Get Ready: EU budgetary austerity is back

Eulalia Rubio

5 mins - 4 de Diciembre de 2023, 07:00

If you follow EU issues you may have probably heard about the recent note prepared by the Spanish presidency of the Council proposing cuts to the EU’s long-term budget for 2021-2027. This may sound strange. Isn’t the next European Council supposed to discuss the Commission’s so-called “MFF mid-term revision” , a proposal to increase the EU budget?

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To understand what is happening, it is worth going back to June, when the Commission presented the “mid-term revision” proposal. This was motivated by the awareness that the EU budget cannot provide an appropriate answer to various challenges which were unpredictable in December 2020, when the current EU’s long-term budget was adopted. This includes the war in Ukraine and the unfolding humanitarian, energy and food crises but also other things such as the steep increase of interest rates in international markets, which has led to higher-than-expected NGEU borrowing costs, or the adoption of the US Inflation Reduction Act, a massive US investment package in support of green technologies. 

Against this background, the Commission proposes an increase by €66 bn the EU spending for 2024-2027. Roughly a quarter of this increase (€17bn) is to finance a new “Ukraine facility” providing support to Ukraine during the next four years (coupled with loans which are not 'paid'  but guaranteed by the EU budget). Another quarter is to cover the higher-than-expected borrowing costs of Next Generation Union (€19bn). The rest is to reinforce migration and external action (€15.5 bin) and to finance the Strategic Technologies for Europe Platform (STEP), a new EU instrument to support investments in critical technologies relevant to Union’s strategic autonomy (€10bn).

Since the announcement in June, the so-called ‘frugal countries’  (Germany, Sweden, Denmark, Austria and the Netherlands) have made clear their opposition to any EU spending increase other than to support Ukraine. Over the last months, they have circulated internal notes showing that new EU spending needs can be covered through re-deployments, e.g. cutting EU spending elsewhere. Recent events (the victory of Geert Wilders in the Netherlands, the massive budgetary hole in Germany following the decision of the Constitutional Court of November 15)  do nothing more than reinforcing the frugals’ opposition against any reinforcement of the EU budget.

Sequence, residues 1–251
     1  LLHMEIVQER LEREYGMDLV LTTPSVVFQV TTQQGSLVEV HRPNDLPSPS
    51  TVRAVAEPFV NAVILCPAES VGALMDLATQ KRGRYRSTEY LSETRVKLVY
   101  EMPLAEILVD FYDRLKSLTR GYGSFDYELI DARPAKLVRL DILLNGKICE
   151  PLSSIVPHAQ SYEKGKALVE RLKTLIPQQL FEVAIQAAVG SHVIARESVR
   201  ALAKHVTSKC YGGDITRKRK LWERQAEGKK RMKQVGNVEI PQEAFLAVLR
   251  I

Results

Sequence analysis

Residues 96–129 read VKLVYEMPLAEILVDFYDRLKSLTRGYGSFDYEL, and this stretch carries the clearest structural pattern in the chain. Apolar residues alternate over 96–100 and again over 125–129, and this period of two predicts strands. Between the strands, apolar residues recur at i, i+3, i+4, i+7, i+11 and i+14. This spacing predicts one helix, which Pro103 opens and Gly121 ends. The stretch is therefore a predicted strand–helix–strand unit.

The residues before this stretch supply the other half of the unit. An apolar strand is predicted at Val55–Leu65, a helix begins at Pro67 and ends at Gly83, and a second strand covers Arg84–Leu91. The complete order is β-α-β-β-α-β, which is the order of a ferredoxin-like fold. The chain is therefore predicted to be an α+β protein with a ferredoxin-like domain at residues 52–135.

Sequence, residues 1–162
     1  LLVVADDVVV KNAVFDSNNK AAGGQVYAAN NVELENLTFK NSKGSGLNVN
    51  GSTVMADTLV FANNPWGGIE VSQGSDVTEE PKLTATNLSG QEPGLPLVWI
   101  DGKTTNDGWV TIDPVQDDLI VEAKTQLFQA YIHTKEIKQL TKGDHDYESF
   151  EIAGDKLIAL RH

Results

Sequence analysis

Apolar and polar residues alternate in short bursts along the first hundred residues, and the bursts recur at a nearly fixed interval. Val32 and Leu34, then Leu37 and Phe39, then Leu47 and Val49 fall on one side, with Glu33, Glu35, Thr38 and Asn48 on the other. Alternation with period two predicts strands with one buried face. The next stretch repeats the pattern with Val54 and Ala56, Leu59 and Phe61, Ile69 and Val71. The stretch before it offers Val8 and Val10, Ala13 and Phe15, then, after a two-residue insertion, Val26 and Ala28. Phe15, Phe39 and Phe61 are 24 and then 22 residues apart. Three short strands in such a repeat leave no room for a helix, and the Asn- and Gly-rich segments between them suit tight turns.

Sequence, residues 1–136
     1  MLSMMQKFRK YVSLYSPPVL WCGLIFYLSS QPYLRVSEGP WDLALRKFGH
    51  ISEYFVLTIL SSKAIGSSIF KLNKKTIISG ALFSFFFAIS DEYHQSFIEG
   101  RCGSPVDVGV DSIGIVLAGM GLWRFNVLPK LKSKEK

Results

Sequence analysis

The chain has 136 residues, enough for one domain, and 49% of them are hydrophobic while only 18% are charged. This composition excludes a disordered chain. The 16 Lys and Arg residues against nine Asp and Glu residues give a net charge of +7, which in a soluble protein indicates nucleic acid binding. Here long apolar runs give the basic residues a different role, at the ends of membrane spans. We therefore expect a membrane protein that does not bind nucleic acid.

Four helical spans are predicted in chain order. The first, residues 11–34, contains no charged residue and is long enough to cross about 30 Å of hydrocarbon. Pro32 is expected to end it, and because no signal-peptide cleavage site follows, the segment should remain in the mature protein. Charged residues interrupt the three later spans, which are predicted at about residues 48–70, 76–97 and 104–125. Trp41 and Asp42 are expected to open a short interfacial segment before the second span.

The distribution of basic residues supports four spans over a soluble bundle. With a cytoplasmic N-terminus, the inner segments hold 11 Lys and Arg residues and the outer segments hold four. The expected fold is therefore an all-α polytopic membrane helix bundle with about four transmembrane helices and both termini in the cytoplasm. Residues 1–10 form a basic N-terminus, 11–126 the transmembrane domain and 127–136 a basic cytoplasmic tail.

This is why the Spanish presidency of the Council, as a good ‘broker’, has come up with a proposal of budgetary ‘savings’. An internal note sent to the national delegations ketches three scenarios of cuts. Each scenario results from applying a different % of linear cuts to all MFF programs except the CAP and Cohesion programs ( 3.4%, 6,8% and 13.5%), which are fiercely defended  by net recipient countries. They also include reductions to certain programs that have been largely unused  (such as the Brexit Adjustment Reserve). The three scenarios result into cuts of €8.1bn, €13.1bn and €23.1bn respectively. 

But why the most ambitious scenario amounts to  €23.1bn in savings and not €49bn? (which would be the result from discounting the €17bn for Ukraine from the total €66bn)?  A detailed look at the proposals included in the Commission’s mid-term revision may provide an answer (see Table 1).
Table 1. Different spending increases proposed in the MFF mid-term revision
There are two types of spending proposals in the MFF mid-term revision: top-ups to existing MFF programs and reinforcements and/or creation of special instruments which are placed over and above’ the MFF ceilings. These two spending proposals have very different implications for national finance ministers. The first ones result into clear, measurable and immediate budgetary costs for national coffers. The second ones will be mobilised according to future needs which can be roughly estimated but not known in advance. 

Take the case of the Ukraine facility. The annual amount disbursed in support to Ukraine will depend on the Ukraine government's progress in implementing a Reconstruction Plan. The same happens with the proposed EURI instrument, aimed at covering the NGEU borrowing costs in excess of those planned (and reserved) in the MFF. These could range from €17bn to €27bn according to Commission's estimations but we cannot  know in advance, it will depend on interest rate fluctuations.

Thus, the logic of the proposed cuts is to force redeployments within the MFF ceilings. In the case of STEP, for instance, the Commission proposes to finance it with additional €10bn and a minor amount (€2.13bn) coming from redeployments. It is very likely that the Council decides to entirely finance it through re-deployments and re-using decommitment amounts from Horizon Europe. 

This does not mean that the proposals to create new instruments “over and above the MFF” are guaranteed. As we are heading towards the December European Council, a stubborn Hungary is still threating to block all EU's aid to Ukraine and some 'frugals' flirt with the idea of covering the NGEU extra borrowing costs through redeployments from existing MFF programs.

All in all, one may argue it´s classic, old EU budget politics at play: frugals pushing for cuts, net beneficiaries fighting to keep cohesion/CAP funds and non-allocated EU spending being sacrificed. However, after NGEU, two major crises behind us and a new geopolitical context forcing the EU to take a more strategic turn, it is very worrying to see that we may be entering into a new era of EU budgetary austerity. 

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